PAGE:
Sunday, April 22, 2012

Batik painting for kids

As an Art Teacher, who is conscious of using materials that are non-toxic (especially having a young child and all the hipe of OH&S these days in schools) I am always looking for clever ways of doing 'traditional' art techniques that are accessible to students and young kids.

I came across a very child friendly version ok Batik painting. Batik painting is a traditional Asian art form of painting fabric. Traditionally, the fabric has melted wax pored onto the fabric in a controlled design. Left to dry and then dyed (like tie-dying). 

A great alternative for children (as melting hot wax is not an option) is to use fabric wash out glue.

Difficulty: Easy (Parent help required for iron).

Stage 1
1. Pre-wash calico or similar cotton light coloured fabric (Pre-washing helps the paint soak in as the siezing in unwashed fabric acts like a resist).
2. Iron flat.
3. Draw design with pecil or tailors chalk on fabric
4. Use an applicator to apply fabric glue to create a straight line (apply think. If glue retracts and leaves gaps in the line, go back over the line).
5. Leave to dry completely (overnight).

Stage 2
6. Dilute acrylic paint so it is a watery consistency but still holds enough colour to 'dye' the fabric. (30:70% paint to water ratio should be enough).
7. Paint on using a soft brush. Make sure to have a piece of plastic or tablecloth under the fabric as the dye will seep through
8. Allow to dry completely -dry flat or hang on the line

Stage 3
9. Wash out the fabric using cold water first to allow excess dye to rinse out. Followed by warm water to wash out the glue. Use a clean scrubbing brush/paintbrush or your nail to help lift out the glue.
10. Allow to dry and iron flat. Project completed. Sew the edges and use however you like e.g. library bag, pillowcase etc.

Finished Batik Painting

Chalk Art

Well not quite an 'art' but fun chalk drawings anyhow. With my 2 year old who loves all things drawing I like to mix it up a little -sometimes crayons, pencils, pens and of course chalk on the conrete. So one time when the cat was laying next to us while we drew I decided to draw around his silhouette...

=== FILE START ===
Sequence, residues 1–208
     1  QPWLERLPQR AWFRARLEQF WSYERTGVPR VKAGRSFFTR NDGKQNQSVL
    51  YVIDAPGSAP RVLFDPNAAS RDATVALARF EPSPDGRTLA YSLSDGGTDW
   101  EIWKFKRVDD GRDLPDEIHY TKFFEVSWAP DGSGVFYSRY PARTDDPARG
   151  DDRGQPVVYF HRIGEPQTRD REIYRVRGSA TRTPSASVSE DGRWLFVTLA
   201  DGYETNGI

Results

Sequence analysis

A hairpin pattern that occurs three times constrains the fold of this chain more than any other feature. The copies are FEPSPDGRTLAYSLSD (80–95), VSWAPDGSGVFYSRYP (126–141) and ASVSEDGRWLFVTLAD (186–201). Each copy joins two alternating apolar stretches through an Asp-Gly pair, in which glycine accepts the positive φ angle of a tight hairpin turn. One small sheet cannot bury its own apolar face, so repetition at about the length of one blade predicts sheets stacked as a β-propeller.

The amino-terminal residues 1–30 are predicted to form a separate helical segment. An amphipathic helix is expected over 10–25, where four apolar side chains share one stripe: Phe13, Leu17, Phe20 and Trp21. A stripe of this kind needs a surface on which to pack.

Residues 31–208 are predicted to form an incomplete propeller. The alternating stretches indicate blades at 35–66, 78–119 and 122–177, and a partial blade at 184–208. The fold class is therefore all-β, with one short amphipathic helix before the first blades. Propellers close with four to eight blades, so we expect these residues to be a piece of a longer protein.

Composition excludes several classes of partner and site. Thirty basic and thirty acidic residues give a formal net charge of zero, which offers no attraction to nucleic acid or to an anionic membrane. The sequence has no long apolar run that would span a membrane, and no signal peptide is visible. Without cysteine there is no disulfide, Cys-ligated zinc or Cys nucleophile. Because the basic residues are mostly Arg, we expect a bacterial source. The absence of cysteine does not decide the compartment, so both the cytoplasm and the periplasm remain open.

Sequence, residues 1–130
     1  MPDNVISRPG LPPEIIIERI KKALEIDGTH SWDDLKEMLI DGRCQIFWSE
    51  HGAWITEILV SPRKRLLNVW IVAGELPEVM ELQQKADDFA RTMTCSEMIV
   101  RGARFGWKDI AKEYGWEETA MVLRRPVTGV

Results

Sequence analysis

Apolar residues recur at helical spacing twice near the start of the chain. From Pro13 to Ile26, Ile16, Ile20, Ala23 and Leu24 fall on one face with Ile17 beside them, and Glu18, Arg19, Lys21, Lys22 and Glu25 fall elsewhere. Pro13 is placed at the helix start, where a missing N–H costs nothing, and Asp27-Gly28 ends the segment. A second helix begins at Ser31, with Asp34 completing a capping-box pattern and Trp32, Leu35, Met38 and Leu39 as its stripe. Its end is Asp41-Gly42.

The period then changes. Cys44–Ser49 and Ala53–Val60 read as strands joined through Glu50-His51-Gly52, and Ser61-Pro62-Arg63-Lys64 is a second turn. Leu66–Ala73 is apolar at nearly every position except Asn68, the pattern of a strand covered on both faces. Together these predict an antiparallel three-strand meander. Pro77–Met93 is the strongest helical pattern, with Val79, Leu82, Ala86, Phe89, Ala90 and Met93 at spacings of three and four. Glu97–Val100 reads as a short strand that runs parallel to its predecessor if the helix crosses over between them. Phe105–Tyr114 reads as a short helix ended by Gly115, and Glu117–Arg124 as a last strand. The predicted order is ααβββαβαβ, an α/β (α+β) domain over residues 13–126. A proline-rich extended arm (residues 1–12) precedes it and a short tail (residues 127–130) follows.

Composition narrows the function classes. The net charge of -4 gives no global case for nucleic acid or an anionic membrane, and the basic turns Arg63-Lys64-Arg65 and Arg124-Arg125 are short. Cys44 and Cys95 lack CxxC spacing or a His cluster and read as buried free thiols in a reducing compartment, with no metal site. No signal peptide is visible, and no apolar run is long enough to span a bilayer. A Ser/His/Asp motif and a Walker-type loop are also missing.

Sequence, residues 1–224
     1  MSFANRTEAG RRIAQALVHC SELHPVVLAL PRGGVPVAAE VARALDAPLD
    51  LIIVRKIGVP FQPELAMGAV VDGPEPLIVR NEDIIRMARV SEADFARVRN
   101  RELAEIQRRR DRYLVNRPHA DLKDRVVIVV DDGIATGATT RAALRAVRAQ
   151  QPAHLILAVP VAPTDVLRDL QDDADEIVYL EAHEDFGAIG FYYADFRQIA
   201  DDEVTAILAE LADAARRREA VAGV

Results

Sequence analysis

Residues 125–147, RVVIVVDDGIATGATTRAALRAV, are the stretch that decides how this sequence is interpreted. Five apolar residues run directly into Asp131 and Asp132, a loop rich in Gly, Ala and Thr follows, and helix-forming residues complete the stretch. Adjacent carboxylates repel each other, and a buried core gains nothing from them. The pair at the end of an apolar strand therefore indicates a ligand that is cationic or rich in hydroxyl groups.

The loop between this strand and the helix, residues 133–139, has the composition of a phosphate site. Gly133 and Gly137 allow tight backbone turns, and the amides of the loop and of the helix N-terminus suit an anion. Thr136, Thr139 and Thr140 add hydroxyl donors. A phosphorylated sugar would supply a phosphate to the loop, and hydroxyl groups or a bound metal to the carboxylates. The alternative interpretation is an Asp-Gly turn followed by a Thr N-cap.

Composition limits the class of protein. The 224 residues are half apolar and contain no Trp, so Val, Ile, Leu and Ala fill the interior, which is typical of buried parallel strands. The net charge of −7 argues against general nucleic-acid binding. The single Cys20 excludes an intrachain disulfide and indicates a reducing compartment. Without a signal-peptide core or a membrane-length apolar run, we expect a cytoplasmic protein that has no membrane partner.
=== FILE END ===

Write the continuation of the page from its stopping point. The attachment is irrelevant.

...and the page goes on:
Chalk Art Idea # 1 -Crime scenes!
 This is a fun things to do with young kids. Good for gross motor skills, and fun for sibblings.

Chalk Art Idea # 2 -Random designs
I just make some big drawings to engage bub in. I got her to lay down in the BIG foot print -Big Foot!

Friday, April 20, 2012

Australian Decorative Painting & Fine Art Magazine (Vol 19 No 9)

Hey guys,

For the third time I am in the Australian Decorative Painting & Fine Art Magazine (Vol 19 No 9)!!!!

Check out the pages on my website here

This artwork was painted for a Commission, so the article has some info about doing a commission painitng.

Sneek peak at my painting demonstration: "Nesting"


Thursday, April 19, 2012

How do you sell you art? Commerical, public or private.

What category are you in terms of your employee status or entrapreneurship when it comes to selling your art work? In my opinion artists may fall into any if the 3 categories and possibly cross over:
1. Commerical - established
2. Public - emerging
3. Private - professional

If you are a commerical seller you have your work in a gallery (on commission) - like a retail art shop.
If you are a public seller you rely on your personal marketing and promotions of you art either through self funded exhibitions, your website, as a workshop teacher,  entering competitions etc.
If you are a private seller, you most likely have a personal contact list of previous clients who approach you for commissions and sales directly through you (wholesale). 

In my opinion your employee status is reflective on where you are at in you art career. That is not to say this is the same for everyone, but could be used as a way to gage your career status -where you're at for funding purposes for example.

Do you think there are other categories? Are you in agreeance with my theory. What's your opinion?

Sunday, April 8, 2012

Simple painting ideas for toddlers

I have found when I do painting with my 2 year old, that see gets more bore easier when she is just painting on paper. So I started drawing images with a thick texta on the paper, then she has a focus - 'to colour in between the lines'. So still has a short attention spand, but she is more engaged this way.

Here are some examples. (Ps Who cares if you can't draw, they can't either, so look for some colouring pages then).